Should You Include Personal Interests In Your Resume?

February 22, 2009 at 6:30 am Leave a comment

An article with IXL provides feedback from some of Australia’s top career professionals, and demonstrates that, as with many areas of compiling a résumé, the final result can still be influenced by personal preference.

Quote from executive search firm, Russell Reynolds:

“Be careful of what is put there as it is just as easy to give the wrong impression as to have something that stands out from the crowd. Including a single-figure golf handicap on a CV could show you’re too focused on yourself, whereas participation in endurance sports sends a message about the commitment an individual is capable of.”

Quote from specialist recruitment firm, Ambition:

“Letting recruiters know about general interests is important for finding the right cultural match. CFOs are usually trying to sell themselves just on their track records. I’d also like to know about extra interest because this builds a picture and shows they’re aiming for a work-life balance. Yet I see a ‘major interest’ in only about one out of 10 résumés at the top level.”

Recruitment consultancy, Carmichael Fisher:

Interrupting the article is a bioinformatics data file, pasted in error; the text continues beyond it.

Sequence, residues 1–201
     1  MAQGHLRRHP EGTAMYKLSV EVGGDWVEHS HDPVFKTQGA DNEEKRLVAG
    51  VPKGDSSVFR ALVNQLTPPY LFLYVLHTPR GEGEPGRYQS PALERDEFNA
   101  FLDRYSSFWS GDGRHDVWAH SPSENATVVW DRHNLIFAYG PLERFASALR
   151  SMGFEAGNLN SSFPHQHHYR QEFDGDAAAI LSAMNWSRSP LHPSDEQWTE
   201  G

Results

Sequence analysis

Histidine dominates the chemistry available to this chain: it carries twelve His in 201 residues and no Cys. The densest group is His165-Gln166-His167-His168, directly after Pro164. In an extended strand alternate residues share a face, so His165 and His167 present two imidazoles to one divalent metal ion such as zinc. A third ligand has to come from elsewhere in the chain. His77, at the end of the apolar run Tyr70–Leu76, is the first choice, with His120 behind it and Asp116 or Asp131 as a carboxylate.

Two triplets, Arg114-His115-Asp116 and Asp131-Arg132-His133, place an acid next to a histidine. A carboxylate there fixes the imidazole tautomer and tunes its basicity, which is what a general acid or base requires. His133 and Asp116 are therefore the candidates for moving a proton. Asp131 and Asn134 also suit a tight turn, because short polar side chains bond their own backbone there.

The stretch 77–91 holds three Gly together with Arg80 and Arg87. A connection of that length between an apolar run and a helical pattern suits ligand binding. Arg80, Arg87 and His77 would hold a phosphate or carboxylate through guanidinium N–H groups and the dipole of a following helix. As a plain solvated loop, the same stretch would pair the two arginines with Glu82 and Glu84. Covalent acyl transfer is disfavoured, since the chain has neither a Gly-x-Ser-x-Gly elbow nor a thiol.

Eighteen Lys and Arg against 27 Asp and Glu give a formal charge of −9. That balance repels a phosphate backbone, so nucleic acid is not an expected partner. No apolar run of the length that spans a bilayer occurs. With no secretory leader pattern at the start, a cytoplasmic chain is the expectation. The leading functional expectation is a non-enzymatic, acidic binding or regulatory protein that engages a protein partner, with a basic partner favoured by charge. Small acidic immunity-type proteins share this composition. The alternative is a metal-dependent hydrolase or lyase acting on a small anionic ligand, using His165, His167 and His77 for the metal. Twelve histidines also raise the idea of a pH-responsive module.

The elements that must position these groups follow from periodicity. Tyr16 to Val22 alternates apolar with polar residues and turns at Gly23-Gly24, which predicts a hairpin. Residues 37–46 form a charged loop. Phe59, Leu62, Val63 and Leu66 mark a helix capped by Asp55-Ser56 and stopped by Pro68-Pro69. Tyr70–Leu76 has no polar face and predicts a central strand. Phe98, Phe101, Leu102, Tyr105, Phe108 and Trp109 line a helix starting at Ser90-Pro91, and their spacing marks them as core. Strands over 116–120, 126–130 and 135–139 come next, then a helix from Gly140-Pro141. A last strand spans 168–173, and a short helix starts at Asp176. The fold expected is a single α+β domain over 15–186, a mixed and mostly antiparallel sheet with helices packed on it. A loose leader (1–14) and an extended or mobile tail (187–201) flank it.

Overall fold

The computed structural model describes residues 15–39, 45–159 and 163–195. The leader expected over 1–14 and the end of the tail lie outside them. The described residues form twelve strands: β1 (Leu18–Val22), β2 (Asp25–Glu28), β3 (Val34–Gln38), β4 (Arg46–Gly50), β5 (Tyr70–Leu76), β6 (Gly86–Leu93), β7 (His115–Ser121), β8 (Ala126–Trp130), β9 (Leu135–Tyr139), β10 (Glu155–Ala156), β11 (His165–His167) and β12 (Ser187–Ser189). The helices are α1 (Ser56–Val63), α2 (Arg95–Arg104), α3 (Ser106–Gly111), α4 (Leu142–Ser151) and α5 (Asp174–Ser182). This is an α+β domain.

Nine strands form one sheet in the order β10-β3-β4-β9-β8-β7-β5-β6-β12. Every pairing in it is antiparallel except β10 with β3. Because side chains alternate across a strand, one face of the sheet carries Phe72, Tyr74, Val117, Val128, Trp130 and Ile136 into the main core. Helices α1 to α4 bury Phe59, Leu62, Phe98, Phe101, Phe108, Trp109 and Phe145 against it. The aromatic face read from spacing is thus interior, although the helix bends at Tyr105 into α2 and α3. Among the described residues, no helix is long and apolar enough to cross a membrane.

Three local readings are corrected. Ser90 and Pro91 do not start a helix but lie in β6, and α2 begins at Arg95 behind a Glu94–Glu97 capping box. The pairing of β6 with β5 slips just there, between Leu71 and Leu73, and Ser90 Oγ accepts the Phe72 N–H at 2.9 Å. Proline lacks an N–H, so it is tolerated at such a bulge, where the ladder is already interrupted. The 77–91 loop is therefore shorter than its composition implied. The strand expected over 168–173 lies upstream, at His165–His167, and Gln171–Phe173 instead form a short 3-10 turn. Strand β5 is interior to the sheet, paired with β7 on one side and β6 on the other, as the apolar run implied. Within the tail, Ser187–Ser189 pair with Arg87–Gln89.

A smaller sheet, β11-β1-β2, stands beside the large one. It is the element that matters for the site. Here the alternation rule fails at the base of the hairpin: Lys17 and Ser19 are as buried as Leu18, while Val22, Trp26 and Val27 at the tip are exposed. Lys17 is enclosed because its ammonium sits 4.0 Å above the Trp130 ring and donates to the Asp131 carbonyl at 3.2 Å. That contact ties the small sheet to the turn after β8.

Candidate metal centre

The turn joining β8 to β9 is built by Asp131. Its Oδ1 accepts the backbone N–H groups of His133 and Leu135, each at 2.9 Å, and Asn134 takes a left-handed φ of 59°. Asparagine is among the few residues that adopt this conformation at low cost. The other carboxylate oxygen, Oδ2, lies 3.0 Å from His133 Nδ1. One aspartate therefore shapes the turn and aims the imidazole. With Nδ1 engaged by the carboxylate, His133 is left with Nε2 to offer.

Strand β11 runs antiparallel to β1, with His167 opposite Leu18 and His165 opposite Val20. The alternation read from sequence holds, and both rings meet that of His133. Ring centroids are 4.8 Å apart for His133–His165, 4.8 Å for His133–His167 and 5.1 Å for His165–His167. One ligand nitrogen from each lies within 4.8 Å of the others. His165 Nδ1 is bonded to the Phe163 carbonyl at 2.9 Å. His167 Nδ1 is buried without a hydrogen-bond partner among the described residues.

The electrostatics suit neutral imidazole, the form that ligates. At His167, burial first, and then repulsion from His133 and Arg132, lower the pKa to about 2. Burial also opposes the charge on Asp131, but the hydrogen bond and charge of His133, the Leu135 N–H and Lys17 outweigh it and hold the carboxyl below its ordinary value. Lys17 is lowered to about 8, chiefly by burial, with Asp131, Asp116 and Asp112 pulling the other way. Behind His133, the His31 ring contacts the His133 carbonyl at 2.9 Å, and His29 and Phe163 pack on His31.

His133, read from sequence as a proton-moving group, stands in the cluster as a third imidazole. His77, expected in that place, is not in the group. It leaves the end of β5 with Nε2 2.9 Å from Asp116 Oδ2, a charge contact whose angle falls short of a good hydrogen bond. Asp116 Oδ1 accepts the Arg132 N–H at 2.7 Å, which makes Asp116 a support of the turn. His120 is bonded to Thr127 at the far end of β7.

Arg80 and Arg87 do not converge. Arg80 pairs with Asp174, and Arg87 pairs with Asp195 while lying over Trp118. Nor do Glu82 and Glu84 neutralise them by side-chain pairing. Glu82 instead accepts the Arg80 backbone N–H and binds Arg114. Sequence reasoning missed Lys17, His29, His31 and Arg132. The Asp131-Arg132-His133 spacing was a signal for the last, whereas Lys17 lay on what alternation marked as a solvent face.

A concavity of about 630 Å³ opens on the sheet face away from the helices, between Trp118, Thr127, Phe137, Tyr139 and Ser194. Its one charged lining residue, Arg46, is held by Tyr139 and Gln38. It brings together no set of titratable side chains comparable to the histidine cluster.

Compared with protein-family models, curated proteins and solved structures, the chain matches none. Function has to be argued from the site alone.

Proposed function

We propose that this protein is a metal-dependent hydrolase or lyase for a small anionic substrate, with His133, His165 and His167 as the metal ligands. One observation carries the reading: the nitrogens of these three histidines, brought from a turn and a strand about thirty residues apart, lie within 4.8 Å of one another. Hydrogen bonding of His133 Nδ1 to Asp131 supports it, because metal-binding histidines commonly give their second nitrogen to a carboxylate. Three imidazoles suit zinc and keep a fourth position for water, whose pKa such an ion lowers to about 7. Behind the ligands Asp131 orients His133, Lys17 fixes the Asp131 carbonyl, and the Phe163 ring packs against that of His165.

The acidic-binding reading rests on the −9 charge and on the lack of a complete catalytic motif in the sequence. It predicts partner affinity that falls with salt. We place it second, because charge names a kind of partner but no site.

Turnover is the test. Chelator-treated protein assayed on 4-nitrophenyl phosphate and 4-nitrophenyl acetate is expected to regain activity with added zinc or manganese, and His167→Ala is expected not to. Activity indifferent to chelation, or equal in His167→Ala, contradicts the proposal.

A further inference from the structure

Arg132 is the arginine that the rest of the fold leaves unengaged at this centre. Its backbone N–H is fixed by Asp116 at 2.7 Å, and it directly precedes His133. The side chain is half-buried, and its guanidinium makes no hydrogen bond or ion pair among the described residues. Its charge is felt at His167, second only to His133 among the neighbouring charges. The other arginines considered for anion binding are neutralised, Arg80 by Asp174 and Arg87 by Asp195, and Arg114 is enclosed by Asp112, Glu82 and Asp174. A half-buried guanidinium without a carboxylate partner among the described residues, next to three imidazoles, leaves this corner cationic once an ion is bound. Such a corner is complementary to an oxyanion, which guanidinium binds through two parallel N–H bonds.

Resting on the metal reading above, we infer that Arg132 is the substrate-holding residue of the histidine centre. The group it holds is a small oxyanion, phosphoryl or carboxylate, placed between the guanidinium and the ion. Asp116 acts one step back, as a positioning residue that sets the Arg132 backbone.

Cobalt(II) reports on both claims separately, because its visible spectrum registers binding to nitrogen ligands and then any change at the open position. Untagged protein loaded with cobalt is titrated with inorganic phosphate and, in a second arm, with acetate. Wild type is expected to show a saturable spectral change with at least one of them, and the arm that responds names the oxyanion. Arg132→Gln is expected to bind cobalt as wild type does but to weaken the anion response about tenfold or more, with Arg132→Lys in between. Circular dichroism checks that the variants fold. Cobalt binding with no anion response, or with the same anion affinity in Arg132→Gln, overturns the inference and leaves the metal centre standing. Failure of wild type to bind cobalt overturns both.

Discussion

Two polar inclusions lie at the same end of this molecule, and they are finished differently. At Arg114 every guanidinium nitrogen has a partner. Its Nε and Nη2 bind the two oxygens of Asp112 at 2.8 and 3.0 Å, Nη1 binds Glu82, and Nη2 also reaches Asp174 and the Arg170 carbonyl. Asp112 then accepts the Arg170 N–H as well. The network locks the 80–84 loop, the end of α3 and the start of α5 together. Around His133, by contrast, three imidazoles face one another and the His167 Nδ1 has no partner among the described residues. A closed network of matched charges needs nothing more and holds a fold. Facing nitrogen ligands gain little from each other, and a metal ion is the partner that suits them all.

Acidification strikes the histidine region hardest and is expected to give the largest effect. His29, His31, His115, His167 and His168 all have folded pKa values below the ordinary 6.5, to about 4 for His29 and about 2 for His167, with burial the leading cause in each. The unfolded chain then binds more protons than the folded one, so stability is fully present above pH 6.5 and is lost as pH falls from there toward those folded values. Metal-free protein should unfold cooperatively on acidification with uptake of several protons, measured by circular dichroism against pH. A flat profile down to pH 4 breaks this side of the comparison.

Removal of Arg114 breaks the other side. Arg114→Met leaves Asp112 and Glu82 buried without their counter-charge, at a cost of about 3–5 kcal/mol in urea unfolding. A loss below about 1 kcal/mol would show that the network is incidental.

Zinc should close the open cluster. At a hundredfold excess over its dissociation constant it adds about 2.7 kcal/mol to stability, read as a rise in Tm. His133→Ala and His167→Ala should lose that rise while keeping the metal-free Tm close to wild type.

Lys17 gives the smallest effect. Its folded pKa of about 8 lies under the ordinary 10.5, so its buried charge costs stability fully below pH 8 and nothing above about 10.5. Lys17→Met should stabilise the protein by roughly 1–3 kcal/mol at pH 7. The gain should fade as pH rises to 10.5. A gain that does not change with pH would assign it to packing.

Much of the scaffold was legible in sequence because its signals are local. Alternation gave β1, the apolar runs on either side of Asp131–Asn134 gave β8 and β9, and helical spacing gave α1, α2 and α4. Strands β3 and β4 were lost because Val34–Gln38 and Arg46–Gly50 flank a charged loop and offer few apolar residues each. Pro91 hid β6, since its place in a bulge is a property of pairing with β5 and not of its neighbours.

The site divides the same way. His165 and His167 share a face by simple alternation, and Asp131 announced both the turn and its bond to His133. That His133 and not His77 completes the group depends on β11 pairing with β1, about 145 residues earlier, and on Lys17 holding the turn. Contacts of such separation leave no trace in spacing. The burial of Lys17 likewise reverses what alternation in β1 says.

“Including hobbies or interests is a conversation-opener for a job interview at any level of seniority. There are no hard and fast rules on what should be included, or what it might imply about a job candidate.”

The representative from Carmichael Fisher points out that examples such as “playing for the Wallabies” suggests a leader with drive but nevertheless a team person, “a golf handicap of two, or a black belt in karate, suggests more of an individual-type person”, “theatre, opera and reading as interests implies a more analytical and contemplative type of person”.

When compiling a résumé, and even in the cover letter, I look carefully at the individual and the industry / role they are targeting. While the representative from Russell Reynolds views reference to golf handicaps as a possible sign of introspection, it can be a key point in compiling a sales résumé where subjects such as golf are frequent ice breakers, and golfing events are used as sales and marketing tools.

Certainly interests such as marathon running show endurance, commitment, motivation and forward planning and are an asset in any position. If you are targeting a steady, at home position, a passion for overseas travel – whether you indulge or not – could be seen as lacking focus and stability, whereas if you are targeting a position with a global organisation where you need to be comfortable relating to many different individuals from diverse cultural backgrounds, international traveller would be seen as a boon.

Here’s to writing powerful resumes

Beverley Neil

Entry filed under: Uncategorized.

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